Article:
If you’re not sure how often you should water your trees, talk to a certified arborist at Friendly Tree.
Add Mulch Properly
Mulch can do so much more than “prettify” your landscape. When used properly, mulch can insulate the soil and lock in root moisture. It also prevents soil compaction, ensuring that roots can efficiently absorb nutrients and water.
But like watering, there’s a wrong and right way to mulch. For example, piling a “mulch volcano” against the trunk will rob the bark and roots of oxygen. It also encourages the growth of disease-causing fungi and bacteria.
Instead, you should apply mulch from the tree’s root flare. Apply the mulch in a 3 to 10-foot circle around the base and use a rake to spread it out. Additionally, the layer of mulch should be no more than 2 to 4 inches deep.
Never Cut Roots Yourself
Whether you’re adding more plants or building near trees, you might consider snipping roots to make more space. However, much like pruning leaves, trimming roots should be left to the professionals.
Some roots are necessary for the tree’s water flow, nutrient delivery, and stability. If these roots are cut away, the tree can die or fall over.
A certified arborist can determine which roots are safe to trim. They can also consider other important factors, such as the best time of the year to cut roots. (Yes, it matters!)
Avoid Pouring Concrete
If you’re building a new structure or sprucing up your landscape, you might want to add concrete or stone near a tree. Unfortunately, this can severely damage your tree’s root system, even if it’s already established.
Concrete and stone will suffocate the roots, making it impossible to absorb oxygen, water, and nutrients.
If you must add concrete or stone, talk to a professional concrete company. They can work with an arborist to figure out the best way to add concrete without harming the roots.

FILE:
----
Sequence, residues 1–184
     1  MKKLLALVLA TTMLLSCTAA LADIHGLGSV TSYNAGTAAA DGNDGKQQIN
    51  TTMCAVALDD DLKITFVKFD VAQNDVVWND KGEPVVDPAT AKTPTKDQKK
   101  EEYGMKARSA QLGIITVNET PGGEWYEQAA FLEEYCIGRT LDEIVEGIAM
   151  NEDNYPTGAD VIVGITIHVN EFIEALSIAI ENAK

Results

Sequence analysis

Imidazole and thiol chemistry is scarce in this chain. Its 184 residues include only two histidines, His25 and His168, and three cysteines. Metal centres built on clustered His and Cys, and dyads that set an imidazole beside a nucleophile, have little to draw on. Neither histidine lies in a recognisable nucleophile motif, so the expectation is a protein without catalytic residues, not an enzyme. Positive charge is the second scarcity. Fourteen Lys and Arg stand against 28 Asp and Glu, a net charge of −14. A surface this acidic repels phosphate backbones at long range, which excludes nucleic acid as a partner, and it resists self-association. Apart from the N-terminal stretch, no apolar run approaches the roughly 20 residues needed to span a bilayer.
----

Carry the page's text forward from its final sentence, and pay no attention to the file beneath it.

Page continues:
Treat Your Roots Well with Friendly Tree
While every tree and property are different, these tips will help you avoid damaging your tree’s roots. If you have questions — or if you want personalized guidance — don’t hesitate to contact Friendly Tree.
To schedule a consultation or get a quote, contact Friendly Tree at (973) 678-8888.
So, you decided to plant a new tree. Congratulations! This is the start of a beautiful landscape that will increase the aesthetics and value of your property.
But before you start mapping your dream garden, it’s important to know what kind of tree you should plant. This depends on the environment you’re planting in. Remember, every tree has different requirements, so it should be planted in an area that meets those needs.
Your climate isn’t the only factor, though. The characteristics of your property matter as well. From existing greenery to nearby pipes, there are many environmental aspects to consider.
Before buying a tree or digging a hole, take the time to do some research. By learning how to choose the best tree for your area, you can ensure it will thrive for years to come. Here are several factors to consider.